Loyalty and Acquiescence: Authoritarian Regimes and Inequality Outcomes
APSA 2010 Annual Meeting Paper
Although the range of variation in economic inequality is similar in democratic and authoritarian states, study of this variation has focused predominantly on democracies. This paper develops a theory that explains inequality outcomes in authoritarian regimes as a function of the different combinations of loyalty-building and repressive measures (carrots and sticks) that authoritarian rulers use to maintain power. Like democratically-elected rulers, authoritarian rulers face competitive pressures and are sensitive to the interests of the constituencies that keep them in power. They supply public and private goods in response to these pressures. Unlike their democratically-elected counterparts, authoritarian rulers can also employ repression to raise the costs of political dissent. The most optimal combination of carrots and sticks is a function of their relative costs to the ruler, and these relative costs vary across authoritarian regime types in predictable ways. These regime types -- e.g. single-party regimes, military regimes, and monarchies -- give rulers different sets of institutional tools and affect the nature of the coalition on which rulers depend to maintain power. The result are economic policy outcomes that, over time, affect the level of economic inequality. Using a cross-national dataset covering over 80 authoritarian regimes observed during the 1960-2002 time period, this paper develops and tests hypotheses that link inequality outcomes to authoritarian regime types.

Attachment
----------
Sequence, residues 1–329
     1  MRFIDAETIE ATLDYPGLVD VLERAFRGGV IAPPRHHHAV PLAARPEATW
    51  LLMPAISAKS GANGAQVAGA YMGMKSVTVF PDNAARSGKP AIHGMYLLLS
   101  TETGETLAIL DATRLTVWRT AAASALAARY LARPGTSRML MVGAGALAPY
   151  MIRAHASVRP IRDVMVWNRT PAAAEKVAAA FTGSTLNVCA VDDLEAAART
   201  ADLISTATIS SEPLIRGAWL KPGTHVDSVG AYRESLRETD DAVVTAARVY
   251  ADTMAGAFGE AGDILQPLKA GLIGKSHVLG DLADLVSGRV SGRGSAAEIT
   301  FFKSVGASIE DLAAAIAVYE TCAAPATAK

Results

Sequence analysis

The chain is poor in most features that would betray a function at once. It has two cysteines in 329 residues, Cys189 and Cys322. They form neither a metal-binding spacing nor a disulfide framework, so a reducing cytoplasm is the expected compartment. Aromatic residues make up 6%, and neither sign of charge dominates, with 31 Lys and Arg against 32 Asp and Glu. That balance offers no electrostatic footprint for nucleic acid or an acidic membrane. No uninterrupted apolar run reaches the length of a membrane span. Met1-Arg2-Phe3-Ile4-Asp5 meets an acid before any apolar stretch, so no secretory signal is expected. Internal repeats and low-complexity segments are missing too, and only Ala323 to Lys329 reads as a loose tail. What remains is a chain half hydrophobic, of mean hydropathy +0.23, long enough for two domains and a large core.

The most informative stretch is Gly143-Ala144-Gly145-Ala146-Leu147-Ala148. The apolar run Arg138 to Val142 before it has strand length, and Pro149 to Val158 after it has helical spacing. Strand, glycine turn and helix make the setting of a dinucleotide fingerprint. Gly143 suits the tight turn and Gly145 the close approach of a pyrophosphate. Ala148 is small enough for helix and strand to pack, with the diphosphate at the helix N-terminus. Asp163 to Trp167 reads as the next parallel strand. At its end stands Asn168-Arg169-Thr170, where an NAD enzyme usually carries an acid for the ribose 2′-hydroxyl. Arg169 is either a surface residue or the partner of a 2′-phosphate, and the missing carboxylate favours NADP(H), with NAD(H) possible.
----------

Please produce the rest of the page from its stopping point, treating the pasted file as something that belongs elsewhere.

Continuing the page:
Number of Pages in PDF File: 29
Keywords: inequality, authoritarianismworking papers series
Date posted: July 19, 2010 ; Last revised: August 29, 2010
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